This is especially true on the next track, “Ping Pong”. This is not the first time I’ve heard the hypnotic cadence of table-tennis used on a record, but it’s the most effective. The back-and-forth sound turns into the rhythm track, which is then graced by more what-the-hell-did-he-just-say similes like “Wreck your rep like Eddie on the L.A. Strip with RuPaul” (and if you don’t know what that means then I’m not going to tell you) and verbal niceties like “My symphonic monopoly philosophy sloppily edges notes awkwardly”. And everywhere you listen there are symphonic notes being edged sloppily and awkwardly, jammed by DJ Earl Blaize into every single corner to bolster the three-man flow of Ball Beans, High Priest, and M.Sayyid.


One of the tightest tracks here is the graduate-school project “Mega”, which starts with a car noise, turns into a needly electro-jam in which Beans spits my favorite line of the year so far: “My brains burst / Spraying pure freon / On Celine Dion” (we should be so lucky), after which Priest mutters “Ew” really low in the left channel. But then things change at about the 1:03 mark, and it turns into a symphonic monopoly: we’re right in the middle of a Carmina Burana-like interlude with everyone singing “Mega! Mega!” This then pauses, and we hear a beautiful operatic voice warbling “Me-e-e-e-e-e-ga!’ An audience bursts into applause, we head back to the first style for a verse or two, and then it’s all over as the audience applauds again and an announcer says, “Well, that was faaaan-tastic! Let’s have a big round of applause!’ This is all before the 2:30 mark, people.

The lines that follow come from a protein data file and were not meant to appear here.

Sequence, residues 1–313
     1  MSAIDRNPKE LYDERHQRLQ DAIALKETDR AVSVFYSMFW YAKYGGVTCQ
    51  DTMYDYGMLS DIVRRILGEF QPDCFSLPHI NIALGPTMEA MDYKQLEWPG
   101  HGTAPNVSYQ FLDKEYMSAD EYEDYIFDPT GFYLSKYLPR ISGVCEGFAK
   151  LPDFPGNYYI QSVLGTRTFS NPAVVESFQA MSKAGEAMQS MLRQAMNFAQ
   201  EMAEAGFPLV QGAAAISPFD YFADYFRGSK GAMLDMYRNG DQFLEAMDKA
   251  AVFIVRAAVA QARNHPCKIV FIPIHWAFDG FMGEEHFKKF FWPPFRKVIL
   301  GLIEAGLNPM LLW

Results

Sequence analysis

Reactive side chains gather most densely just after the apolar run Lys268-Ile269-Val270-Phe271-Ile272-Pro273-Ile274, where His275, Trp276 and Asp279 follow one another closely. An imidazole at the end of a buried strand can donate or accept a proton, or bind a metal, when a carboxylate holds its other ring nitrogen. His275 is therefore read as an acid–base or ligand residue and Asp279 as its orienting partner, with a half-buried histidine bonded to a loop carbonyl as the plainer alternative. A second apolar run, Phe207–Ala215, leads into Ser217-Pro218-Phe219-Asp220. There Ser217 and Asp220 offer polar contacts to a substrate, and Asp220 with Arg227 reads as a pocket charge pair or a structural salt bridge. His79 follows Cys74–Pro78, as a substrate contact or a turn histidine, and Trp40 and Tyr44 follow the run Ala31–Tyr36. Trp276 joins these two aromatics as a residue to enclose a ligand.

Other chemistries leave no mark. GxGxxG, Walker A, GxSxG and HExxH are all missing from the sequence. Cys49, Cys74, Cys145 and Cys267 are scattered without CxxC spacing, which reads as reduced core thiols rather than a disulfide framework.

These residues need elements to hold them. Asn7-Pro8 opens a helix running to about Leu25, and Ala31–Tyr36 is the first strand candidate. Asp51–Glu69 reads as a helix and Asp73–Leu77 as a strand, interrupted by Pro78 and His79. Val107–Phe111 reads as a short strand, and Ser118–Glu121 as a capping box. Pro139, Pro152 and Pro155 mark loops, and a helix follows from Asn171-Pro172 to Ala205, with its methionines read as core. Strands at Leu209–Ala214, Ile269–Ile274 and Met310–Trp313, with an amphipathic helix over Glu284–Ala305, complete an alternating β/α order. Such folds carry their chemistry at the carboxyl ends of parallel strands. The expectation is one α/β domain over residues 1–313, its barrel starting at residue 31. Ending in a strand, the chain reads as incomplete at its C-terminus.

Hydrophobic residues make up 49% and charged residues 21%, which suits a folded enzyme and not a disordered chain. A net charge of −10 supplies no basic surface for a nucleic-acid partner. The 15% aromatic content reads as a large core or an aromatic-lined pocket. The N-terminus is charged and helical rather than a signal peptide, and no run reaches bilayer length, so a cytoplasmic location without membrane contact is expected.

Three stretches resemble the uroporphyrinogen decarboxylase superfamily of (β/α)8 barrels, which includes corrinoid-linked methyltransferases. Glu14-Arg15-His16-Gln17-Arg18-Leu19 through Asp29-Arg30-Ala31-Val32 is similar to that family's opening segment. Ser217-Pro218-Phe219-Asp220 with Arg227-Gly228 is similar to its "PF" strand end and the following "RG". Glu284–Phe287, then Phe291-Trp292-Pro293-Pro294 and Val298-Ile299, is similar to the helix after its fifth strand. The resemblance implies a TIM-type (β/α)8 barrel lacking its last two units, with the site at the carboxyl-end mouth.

Arrythmia is a surprisingly diverse album. There are goth workouts like “We Kill Soap Scum” (which I think is about a guy who really wants to kill soap scum) and the Lipps,-Inc.-meets-Miami-bass-produced-by-the-Orb dance track “Ghostlawns”. “Conspiracy of Myth” is an atmospheric crystallist grindout. The kick-ass “Human Shield” only pretends to be straightforward before turning into a sound-effects extravaganza with elements of glitchcore. We even get a little short story, the narrative of “Z St.”, in which the narrator steers clear of undie-clad hotties when they ask him about how to score some coke, only to be glad when it turns out that they’re undercover cops.


I can only think of two criticisms of this album. One is that it’s kind of all over the place. I usually appreciate this, but only when there’s something holding it together, a unifying tone or philosophy or something. The Cold Vein was all over the place, too, but with a sadness and a desperation behind the sonics that made it into a confessional hymn. There’s nothing here like that. When Anti-Pop flips the script, it stays flipped, and they sound like a whole new group every new track. This leaves the album without a heart . . . but do we really need heart when the head is so together? It’s next-level stuff, people, and seriously avant-garde in all its particulars. Arrythmia may not be the first album to bear that description, it’s one of the best hip-hop albums you’ll hear all year.


The other thing I don’t like about this album is its “short” running time: 43 minutes. Maybe this was a good idea, “too much of a good thing” and all that. But anything under 50 minutes should really be considered an EP in these compact disc days, don’t you think? Come on, dudes—take a year off, spend a lot of Warp money, and come up with a really meaty 75-minute masterpiece. In the meantime, this will do quite nicely indeed.